So, this is what I still remember:

  • Peter’s guitar, his chats with Sarah
  • How a discreetly placed hand on the small of someone’s back at a party can mean so much, and be so striking an image
  • Sarah’s mother who is not only described as sitting with a back as straight as a violin bow, but whose life and actions mimic the sound and sigh of the violin she can no longer play
  • Sarah’s mother’s car approaching the intersection – the crash – I can still see that moment in my mind
  • The house, which becomes a character in the novel – dark, heavy, sad, depressed in its own right

One year later I still remember these moments, and I suspect that if I remember them now, so vividly, I will likely remember them for many years to come.

I had the privilege of asking Jessica some questions about her novel and her experiences this past year.

One year later, what sticks out in your mind about this past year? What experiences have you had? What audiences have you spoken to? What moments stick out in your mind?

Overall, the experience of meeting and hearing from grateful readers has gone beyond my happiest imaginings. So many people from all over the country have expressed their love for Sarah’s story and struggles. What better gift for an author?  As for audiences, I’ve traveled the east coast from Florida to Maine speaking and reading at writers’ conferences, book festivals, independent bookstores, the Center for Fiction in NYC, eateries, book clubs, libraries and via Skype. Skyping is my newest love as it allows me to travel and speak to folks in California, Alabama, Georgia and other distant states—even countries—without leaving home. To celebrate Night Swim’s 1-year anniversary, I’ve initiated a “Skype 50 Book Clubs” this year.

What are your favorite scenes from the novel? Which ones do you think about the most often?

Oh, this is a tough question. I care about them all. I had fun writing the fish tank scene and the night swim scene with Anthony. The party scene and dinner scenes with Elliot and Robert are also favorites. I’d list others, but I don’t want to give too much away.

You’ve mentioned in some places that you started out as a poet. I find that often my favorite novelists were poets first. Do you still write poetry?

Poetry was my first love.  I’m a great admirer of it and I love to read it. Throughout the years, it’s held a place of high honor—a vital means of making sense of life, and a beautiful way to honor the magic of words. Though I haven’t spent time writing poems for many years, I labor over my sentences. I suppose that’s my way of keeping poetry present in my work.

What’s next? I’ve seen you mention a novel set in Hungary? How is that coming along?

I’m working on a novel that takes place in Budapest in the mid-1990’s and involves American expats– an elderly Jewish man who has come to Budapest in search of the truth about his daughter’s death; and a young, American couple who try to help him. It’s a story in which one’s moral limits of right and wrong are tested.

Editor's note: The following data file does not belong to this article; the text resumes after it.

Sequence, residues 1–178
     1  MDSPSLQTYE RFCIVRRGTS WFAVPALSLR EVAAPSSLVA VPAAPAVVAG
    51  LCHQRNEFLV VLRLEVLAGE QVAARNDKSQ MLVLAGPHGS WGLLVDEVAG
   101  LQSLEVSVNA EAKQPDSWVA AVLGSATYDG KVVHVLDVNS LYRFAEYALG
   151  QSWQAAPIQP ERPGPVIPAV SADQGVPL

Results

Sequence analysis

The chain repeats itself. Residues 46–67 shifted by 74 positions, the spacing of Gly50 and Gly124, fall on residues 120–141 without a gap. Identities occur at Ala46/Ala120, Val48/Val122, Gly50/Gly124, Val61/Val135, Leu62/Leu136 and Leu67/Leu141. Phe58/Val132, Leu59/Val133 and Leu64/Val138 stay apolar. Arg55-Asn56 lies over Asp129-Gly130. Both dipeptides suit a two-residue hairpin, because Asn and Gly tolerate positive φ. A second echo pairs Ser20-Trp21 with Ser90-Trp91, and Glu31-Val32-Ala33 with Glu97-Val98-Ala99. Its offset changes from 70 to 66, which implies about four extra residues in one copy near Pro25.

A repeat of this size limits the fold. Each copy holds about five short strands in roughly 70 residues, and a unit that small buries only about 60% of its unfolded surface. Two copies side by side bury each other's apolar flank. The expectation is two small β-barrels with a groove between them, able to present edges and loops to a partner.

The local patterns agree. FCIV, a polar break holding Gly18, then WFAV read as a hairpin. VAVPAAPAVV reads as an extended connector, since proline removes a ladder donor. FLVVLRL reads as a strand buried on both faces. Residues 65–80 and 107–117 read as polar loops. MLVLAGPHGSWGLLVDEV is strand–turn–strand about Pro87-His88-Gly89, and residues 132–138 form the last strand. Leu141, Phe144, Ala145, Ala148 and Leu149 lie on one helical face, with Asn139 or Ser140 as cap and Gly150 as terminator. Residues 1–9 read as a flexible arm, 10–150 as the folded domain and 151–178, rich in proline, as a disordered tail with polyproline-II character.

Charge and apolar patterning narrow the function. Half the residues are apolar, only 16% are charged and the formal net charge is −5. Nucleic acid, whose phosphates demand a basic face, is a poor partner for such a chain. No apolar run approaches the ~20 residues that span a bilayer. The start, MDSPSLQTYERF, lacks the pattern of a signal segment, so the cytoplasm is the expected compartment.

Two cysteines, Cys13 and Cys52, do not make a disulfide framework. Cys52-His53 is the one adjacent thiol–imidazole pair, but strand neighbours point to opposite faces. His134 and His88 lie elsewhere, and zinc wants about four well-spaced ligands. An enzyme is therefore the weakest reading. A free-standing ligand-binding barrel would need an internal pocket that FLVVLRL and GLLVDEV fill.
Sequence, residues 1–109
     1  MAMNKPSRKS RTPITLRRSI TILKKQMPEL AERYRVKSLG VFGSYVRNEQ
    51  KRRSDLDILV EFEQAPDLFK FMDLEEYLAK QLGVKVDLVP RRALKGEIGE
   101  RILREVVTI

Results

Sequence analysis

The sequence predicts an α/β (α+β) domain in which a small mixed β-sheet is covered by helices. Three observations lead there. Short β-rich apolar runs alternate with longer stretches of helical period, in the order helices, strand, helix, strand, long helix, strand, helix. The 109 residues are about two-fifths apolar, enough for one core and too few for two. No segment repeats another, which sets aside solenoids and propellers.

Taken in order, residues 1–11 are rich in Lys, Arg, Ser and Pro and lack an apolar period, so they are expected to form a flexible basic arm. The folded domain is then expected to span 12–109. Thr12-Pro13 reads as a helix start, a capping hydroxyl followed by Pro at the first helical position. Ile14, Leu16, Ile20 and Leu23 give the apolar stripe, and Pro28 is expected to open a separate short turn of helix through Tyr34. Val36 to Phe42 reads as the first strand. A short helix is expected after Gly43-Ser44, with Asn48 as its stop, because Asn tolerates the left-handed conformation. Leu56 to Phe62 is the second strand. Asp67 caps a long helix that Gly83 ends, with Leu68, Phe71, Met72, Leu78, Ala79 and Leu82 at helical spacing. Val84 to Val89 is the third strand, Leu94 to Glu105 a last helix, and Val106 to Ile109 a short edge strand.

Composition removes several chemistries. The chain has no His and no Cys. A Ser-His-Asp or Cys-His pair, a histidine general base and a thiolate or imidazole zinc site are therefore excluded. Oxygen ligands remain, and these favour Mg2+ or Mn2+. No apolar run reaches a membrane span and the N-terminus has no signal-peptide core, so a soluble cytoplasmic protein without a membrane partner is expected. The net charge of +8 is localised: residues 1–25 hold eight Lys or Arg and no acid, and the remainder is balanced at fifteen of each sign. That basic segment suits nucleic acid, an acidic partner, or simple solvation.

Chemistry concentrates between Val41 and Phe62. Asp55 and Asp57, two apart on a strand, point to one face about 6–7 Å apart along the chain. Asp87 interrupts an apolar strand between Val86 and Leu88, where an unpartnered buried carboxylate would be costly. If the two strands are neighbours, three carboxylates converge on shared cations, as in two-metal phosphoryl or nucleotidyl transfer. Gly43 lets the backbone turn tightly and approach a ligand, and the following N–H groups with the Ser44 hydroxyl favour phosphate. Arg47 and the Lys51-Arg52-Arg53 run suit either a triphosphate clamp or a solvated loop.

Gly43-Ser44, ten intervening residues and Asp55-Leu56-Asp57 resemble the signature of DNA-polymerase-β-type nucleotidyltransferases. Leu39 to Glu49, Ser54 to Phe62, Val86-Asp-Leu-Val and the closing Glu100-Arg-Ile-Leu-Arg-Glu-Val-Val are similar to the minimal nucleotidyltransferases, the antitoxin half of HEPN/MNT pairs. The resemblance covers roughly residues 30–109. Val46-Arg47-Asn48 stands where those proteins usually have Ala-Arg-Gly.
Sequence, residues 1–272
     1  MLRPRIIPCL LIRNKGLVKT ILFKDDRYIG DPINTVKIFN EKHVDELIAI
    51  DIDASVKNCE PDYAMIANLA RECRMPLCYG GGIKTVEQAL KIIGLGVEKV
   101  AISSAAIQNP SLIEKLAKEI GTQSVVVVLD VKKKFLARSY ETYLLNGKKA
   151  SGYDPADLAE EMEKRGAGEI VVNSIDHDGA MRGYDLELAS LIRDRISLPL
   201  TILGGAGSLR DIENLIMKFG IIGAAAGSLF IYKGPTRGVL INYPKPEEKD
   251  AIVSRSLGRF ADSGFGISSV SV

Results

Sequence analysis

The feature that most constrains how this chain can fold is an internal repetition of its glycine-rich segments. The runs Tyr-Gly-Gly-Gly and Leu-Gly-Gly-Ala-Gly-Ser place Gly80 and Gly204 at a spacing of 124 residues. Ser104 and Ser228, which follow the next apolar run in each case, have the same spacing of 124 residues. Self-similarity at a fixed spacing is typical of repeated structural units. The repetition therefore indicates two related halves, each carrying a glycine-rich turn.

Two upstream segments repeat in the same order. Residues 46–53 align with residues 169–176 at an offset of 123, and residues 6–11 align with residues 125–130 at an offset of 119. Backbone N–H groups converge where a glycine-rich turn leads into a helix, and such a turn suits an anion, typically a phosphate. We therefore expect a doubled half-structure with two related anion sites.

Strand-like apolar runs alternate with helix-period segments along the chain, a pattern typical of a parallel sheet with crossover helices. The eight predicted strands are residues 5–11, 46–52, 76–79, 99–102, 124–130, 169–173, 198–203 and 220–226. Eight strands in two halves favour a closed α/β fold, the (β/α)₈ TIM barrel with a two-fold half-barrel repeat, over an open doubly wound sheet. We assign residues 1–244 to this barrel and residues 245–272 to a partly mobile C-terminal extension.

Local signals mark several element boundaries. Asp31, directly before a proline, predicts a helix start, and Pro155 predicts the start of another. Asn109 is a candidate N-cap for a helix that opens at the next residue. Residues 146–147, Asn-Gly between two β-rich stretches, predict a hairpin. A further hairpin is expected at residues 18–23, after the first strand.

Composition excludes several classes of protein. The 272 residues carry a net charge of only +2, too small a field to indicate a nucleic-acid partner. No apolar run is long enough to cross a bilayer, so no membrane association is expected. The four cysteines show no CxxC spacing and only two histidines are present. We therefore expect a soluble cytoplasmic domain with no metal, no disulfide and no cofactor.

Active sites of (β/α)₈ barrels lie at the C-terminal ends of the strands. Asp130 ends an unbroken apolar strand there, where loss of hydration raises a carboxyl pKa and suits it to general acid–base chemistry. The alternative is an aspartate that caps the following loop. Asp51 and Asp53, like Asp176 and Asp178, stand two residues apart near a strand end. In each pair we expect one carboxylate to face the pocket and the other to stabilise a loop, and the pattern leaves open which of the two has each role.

Night Swim is a novel worth reading. It is also a novel that will stick with you long after you’ve put the book down. Trust me. I know.

You can find Night Swim here

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New Genres: City of Dark Magic by Magnus Flyte

I just finished reading City of Dark Magic by Mangus Flyte, and I must say that it was thoroughly enjoyable. Like a cross between a beach read,  a fantasy novel and a fun romping suspense/thriller. In truth, I have no idea how to even place it. Part Christopher Moore, part Katie Macalister, part Dante Club – and even a little of Jepp, Who Defied the Stars, I really have never read a novel quite like it.  I could definitely tell you that there were things that didn’t work for me: certain scenes that seemed a bit contrived, certain elements that were perhaps a bit implausible, but I’m not going to. Instead I’m going to tell you what I LOVED about the novel and why the bits that didn’t make perfect sense didn’t matter.

city of dark

I loved the setting: Prague, with all its intrigue and rich history and architecture.

I loved the quest: old manuscripts, secrets, a love story (both modern and historical), a connection to alchemy and even The Golden Fleece

I loved the task: to catalogue artifacts looted from a royal family by the Nazis, Communists and history and restore them to their rightful owners on museum display

I loved the narrator: modern, spunky, super smart yet skeptical – she reminded me of a lot of what I call “accidental” heroines that you find in Urban Fantasy and Paranormal Romance

I loved the quirkiness: the dwarf, hallucinogenic toenails, awkward sex in public places etc.

Does it matter now what I didn’t love? I didn’t think so.

I think that City of Dark Magic is a new genre of genreless books. Books that have almost everything in them and therefore can’t be pigeonholed into anything. Bring on more Rom-Com, Thriller/Mystery, Fantasy, Historical, Literary novels please!!



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The Rise of the Video Game Novel

So it’s an inevitable comparison: between Ready Player One and Mr. Penumbra’s 24-Hour Bookstore, in fact, it’s a comparison that is already being made across the web. Nonetheless, it’s something I’ve been thinking about a lot and so I wanted to add my voice to the mix.